Quas Primas

Sunday, November 20, AD 2011

QUAS PRIMAS
ENCYCLICAL OF POPE PIUS XI
ON THE FEAST OF CHRIST THE
KING
TO OUR VENERABLE BRETHREN THE PATRIARCHS, PRIMATES,
ARCHBISHOPS,
BISHOPS, AND OTHER ORDINARIES
IN PEACE AND COMMUNION WITH THE APOSTOLIC
SEE.

Venerable Brethren, Greeting and the Apostolic
Benediction.

In the first Encyclical Letter which We addressed at
the beginning of Our Pontificate to the Bishops of the universal Church, We
referred to the chief causes of the difficulties under which mankind was
laboring. And We remember saying that these manifold evils in the world were due
to the fact that the majority of men had thrust Jesus Christ and his holy law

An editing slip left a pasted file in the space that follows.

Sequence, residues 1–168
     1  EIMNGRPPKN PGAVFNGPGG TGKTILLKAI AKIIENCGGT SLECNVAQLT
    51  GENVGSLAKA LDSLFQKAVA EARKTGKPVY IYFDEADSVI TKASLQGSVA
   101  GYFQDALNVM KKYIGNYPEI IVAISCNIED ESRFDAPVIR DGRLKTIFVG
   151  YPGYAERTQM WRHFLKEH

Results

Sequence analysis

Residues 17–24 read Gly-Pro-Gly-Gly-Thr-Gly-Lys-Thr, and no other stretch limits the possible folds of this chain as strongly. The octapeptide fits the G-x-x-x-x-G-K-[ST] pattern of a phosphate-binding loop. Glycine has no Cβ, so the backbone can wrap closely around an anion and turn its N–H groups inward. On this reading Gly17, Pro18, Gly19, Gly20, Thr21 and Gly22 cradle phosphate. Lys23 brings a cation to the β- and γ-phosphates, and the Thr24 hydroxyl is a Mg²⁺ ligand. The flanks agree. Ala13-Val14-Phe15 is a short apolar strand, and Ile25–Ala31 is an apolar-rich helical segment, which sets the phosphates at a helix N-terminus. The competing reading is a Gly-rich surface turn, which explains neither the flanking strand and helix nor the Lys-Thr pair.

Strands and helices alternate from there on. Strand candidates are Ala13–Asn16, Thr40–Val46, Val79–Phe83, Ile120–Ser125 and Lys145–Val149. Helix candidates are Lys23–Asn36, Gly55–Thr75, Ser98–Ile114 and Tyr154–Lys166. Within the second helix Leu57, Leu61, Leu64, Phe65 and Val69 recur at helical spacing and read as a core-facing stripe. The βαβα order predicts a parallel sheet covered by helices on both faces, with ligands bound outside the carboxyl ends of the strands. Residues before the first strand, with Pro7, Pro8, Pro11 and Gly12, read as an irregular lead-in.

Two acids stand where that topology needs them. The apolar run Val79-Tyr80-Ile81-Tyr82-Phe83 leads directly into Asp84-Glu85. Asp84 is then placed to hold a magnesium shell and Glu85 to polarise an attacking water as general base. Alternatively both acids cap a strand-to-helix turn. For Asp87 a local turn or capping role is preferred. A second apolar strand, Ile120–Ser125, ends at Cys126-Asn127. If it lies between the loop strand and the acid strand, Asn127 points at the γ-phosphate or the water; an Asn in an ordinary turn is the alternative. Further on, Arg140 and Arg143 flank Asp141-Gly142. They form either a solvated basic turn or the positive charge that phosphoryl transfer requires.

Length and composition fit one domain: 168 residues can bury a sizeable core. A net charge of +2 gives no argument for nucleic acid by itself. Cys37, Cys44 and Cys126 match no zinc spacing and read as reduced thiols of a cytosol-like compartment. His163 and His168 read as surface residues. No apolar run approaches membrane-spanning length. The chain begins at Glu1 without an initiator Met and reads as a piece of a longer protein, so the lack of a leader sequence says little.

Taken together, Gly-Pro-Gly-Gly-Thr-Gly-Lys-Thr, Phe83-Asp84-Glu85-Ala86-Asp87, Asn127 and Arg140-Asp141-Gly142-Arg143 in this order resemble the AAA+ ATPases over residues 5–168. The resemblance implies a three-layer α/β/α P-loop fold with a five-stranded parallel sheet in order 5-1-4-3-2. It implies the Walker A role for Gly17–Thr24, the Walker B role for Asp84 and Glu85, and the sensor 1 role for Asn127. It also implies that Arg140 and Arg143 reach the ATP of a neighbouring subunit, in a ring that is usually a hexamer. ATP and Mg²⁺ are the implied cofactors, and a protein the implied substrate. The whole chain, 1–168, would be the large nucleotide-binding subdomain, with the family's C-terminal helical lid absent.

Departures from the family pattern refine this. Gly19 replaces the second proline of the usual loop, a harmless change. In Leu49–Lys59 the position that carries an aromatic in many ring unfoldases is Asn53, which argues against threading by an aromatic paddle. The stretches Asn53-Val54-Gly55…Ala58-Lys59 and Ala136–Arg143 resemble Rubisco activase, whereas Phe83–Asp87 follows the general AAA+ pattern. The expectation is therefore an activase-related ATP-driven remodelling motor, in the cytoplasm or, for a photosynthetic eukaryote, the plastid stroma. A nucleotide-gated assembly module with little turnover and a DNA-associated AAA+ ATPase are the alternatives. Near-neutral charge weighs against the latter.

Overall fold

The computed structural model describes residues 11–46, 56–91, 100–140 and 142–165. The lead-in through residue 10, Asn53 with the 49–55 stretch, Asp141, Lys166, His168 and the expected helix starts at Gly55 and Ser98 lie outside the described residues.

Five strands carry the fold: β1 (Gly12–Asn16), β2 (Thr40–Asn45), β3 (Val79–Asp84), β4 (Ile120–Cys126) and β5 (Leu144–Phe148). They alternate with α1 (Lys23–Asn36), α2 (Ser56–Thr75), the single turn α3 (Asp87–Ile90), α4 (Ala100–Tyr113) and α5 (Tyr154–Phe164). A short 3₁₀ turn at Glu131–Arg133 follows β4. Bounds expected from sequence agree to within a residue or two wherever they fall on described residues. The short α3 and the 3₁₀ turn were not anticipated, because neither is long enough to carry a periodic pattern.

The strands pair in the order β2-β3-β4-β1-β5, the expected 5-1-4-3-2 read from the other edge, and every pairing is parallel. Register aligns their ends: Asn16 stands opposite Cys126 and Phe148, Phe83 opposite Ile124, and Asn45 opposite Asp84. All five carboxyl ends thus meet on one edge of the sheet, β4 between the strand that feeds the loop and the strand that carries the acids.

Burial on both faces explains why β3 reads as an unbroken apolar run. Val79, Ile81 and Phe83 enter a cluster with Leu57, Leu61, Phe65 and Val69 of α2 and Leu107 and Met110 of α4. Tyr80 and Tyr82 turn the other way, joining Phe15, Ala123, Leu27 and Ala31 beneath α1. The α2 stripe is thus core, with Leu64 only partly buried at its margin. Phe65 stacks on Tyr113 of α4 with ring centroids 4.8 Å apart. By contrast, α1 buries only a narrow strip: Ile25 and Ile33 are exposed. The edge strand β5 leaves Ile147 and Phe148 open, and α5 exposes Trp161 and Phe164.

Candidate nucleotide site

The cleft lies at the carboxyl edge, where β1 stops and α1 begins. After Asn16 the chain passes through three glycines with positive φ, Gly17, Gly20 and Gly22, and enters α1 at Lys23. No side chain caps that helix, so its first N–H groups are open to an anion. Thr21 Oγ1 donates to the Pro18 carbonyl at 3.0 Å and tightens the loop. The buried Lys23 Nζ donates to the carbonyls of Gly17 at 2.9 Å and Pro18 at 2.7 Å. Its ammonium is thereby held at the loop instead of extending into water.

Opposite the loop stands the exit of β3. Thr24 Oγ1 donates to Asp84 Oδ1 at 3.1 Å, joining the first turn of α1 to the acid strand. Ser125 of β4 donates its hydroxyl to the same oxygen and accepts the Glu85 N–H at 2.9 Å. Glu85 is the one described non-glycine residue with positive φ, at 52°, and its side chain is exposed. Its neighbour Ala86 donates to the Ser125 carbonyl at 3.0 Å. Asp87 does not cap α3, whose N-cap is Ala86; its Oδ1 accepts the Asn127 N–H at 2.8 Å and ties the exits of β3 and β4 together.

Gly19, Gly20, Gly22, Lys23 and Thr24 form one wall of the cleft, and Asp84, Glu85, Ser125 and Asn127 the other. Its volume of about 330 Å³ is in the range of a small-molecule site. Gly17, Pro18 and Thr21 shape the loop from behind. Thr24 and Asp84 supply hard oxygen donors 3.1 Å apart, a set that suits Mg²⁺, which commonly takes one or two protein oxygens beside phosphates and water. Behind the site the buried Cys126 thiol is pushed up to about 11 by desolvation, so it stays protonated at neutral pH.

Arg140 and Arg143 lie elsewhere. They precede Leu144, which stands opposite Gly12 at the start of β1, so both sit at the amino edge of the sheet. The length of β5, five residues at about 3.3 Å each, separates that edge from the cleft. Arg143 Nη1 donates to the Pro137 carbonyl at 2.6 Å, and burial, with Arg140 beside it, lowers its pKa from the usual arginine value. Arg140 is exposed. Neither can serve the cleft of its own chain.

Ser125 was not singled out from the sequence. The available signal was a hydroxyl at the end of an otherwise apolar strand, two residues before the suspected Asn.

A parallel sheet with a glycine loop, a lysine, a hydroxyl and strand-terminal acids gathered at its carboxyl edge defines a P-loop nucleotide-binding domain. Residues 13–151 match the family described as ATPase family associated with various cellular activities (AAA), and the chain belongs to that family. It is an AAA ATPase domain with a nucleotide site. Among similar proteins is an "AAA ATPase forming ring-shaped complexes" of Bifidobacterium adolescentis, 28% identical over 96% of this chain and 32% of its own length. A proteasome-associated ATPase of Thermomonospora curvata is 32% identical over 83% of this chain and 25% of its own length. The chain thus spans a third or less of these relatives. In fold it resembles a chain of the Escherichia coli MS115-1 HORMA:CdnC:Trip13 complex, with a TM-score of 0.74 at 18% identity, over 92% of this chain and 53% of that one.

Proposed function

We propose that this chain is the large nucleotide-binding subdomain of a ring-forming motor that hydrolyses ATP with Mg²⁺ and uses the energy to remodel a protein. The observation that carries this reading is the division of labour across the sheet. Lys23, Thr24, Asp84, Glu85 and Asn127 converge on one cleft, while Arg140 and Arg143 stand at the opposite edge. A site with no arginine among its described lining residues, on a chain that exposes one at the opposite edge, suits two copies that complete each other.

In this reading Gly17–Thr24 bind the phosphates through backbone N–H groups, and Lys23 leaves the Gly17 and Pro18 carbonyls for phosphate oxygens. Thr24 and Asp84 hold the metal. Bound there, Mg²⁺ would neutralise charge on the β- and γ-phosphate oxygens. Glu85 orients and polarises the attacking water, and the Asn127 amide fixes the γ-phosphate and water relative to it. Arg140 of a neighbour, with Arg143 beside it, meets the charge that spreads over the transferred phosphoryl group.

out of their lives; that these had no place either in private affairs or in
politics: and we said further, that as long as individuals and states refused to
submit to the rule of our Savior, there would be no really hopeful prospect of a
lasting peace among nations. Men must look for the peace of Christ in the
Kingdom of Christ; and that We promised to do as far as lay in Our power.
In the Kingdom of Christ, that is, it seemed to Us that peace could not
be more effectually restored nor fixed upon a firmer basis than through the
restoration of the Empire of Our Lord. We were led in the meantime to indulge
the hope of a brighter future at the sight of a more widespread and keener
interest evinced in Christ and his Church, the one Source of Salvation, a sign
that men who had formerly spurned the rule of our Redeemer and had exiled
themselves from his kingdom were preparing, and even hastening, to return to the
duty of obedience.

2. The many notable and memorable events which have
occurred during this Holy Year have given great honor and glory to Our Lord and
King, the Founder of the Church.